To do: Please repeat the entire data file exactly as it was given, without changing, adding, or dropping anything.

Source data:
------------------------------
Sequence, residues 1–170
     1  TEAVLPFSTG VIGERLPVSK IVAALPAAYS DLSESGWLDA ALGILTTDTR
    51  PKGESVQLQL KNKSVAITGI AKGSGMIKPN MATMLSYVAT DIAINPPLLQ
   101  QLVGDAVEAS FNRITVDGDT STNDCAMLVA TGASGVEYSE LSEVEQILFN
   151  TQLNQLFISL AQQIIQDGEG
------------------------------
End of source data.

Sequence, residues 1–170
     1  TEAVLPFSTG VIGERLPVSK IVAALPAAYS DLSESGWLDA ALGILTTDTR
    51  PKGESVQLQL KNKSVAITGI AKGSGMIKPN MATMLSYVAT DIAINPPLLQ
   101  QLVGDAVEAS FNRITVDGDT STNDCAMLVA TGASGVEYSE LSEVEQILFN
   151  TQLNQLFISL AQQIIQDGEG